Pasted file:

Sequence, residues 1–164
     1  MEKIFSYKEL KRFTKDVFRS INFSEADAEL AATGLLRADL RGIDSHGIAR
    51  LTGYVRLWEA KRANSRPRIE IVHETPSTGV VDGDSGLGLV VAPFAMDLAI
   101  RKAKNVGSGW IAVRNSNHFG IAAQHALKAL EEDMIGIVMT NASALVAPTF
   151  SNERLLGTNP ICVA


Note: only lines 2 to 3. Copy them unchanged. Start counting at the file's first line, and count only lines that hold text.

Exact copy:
     1  MEKIFSYKEL KRFTKDVFRS INFSEADAEL AATGLLRADL RGIDSHGIAR
    51  LTGYVRLWEA KRANSRPRIE IVHETPSTGV VDGDSGLGLV VAPFAMDLAI